Happiness is a choice


My dad always had an affinity for some of the older, sillier songs, and Roger Miller was a favorite of his. The song “You Can’t Roller Skate in a Buffalo Herd” was among Dad’s favorites, and I can remember him singing it rather often. 

As a kid, I always thought the song was just silly nonsense and gibberish. 

Then one day a few years ago, while working at my computer, the song came on the music streaming app I was listening to. 

I stopped and listened, thinking about my dad. 

I began to understand the true meaning of the song — probably what made my dad embrace it.

If you have never heard the song and its nonsensical lyrics, it cautions you about things you cannot do: roller skating in a buffalo herd, showering in a parakeet cage, swimming in a baseball glove, changing film with a kid on your back, driving around with a tiger in your car, or fishing in a watermelon patch. 

Miller was probably correct about most of those. Maybe you could have changed film with a kid on your back — look at all the moms we see running farms with their littles strapped to their backs! And in the movie, The Hangover, they did indeed drive — not very successfully — with a tiger in their car. And if the rain here in Wisconsin continues, you might well be able to fish in a watermelon patch. 

But throughout the song, there was one thing Miller was insistent about in the refrain: you can choose happiness if you make up your mind to do so. He encouraged that choice by saying, “All you gotta do is put your mind to it, knuckle down, buckle down, do it, do it, do it.”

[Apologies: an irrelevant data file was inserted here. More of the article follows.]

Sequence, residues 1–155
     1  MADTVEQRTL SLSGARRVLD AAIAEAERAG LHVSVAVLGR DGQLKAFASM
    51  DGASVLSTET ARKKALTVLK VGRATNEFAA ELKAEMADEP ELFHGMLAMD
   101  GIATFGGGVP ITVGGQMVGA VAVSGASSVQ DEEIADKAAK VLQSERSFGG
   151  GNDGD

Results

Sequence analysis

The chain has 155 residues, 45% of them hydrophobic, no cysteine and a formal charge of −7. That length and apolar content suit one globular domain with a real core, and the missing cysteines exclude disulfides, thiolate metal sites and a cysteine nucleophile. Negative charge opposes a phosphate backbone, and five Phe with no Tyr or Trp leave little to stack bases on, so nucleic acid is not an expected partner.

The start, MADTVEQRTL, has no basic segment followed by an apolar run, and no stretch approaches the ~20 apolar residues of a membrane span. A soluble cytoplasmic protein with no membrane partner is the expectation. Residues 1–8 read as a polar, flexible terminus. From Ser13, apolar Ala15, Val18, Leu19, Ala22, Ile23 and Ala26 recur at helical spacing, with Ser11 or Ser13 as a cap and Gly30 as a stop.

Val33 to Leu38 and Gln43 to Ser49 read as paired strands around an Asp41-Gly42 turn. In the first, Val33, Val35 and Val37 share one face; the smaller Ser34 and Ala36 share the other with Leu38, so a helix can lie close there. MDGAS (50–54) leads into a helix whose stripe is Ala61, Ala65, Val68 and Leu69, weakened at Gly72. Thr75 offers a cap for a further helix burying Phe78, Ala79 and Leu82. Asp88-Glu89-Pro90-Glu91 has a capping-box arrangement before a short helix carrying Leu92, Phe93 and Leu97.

With the jaunty tune and whimsical, repetitive lyrics, it might be easy to miss that deeper meaning. 

There are lots of things in life you have no control over, things that you might not be able to do or accomplish. I’m not sure there is another profession that is more the case than dairy farming. Dairy farmers are at the mercy of the weather, markets and others determining the value of the product they produce, rising input costs, the geopolitical manifestations of trade issues, virulent disease affecting cattle ... the list could go on and on. 

All those things bring stress, discontent and maybe even helplessness to our lives. But we can take control of ourselves and our own choices. One of those choices we can make is to choose happiness, regardless of the material situations we might find ourselves in. 

More often than not, I think happiness can be an elusive thing. We get bogged down in those things we cannot control. Last summer we begged for rain; this year we beg for more than 48 hours of dry weather. We get mired down by corn seed still sitting in a bag in the shed while a lake is forming in the fields, a bumper crop of hay standing in the field that we cannot harvest, our best cow going down with milk fever.                                                                                                                         

We let ourselves get wrapped up in the details, the trivialities of everyday life. We forget to stop and smell the roses, forgetting to take time to revel in the glory of an early summer sunrise, enjoy the rough tongue of a newborn calf on our fingers.      

As life seems to get more hectic and jam-packed as the years go by, I admit I sometimes lose sight of the forest because of the many trees and get mired down in the inconsequential details or problems of life. I end up with a glass-half-full outlook, borrowing trouble before it comes. I doubt I am alone in that propensity to become overwhelmed with the chaos of life.                                                                                               

But I try to keep in mind that, as Miller admonishes us, we can indeed seek out happiness by choice. All we have to do is put our mind to it, to make that conscious choice. Just knuckle down, buckle down and do it, do it, do it.     


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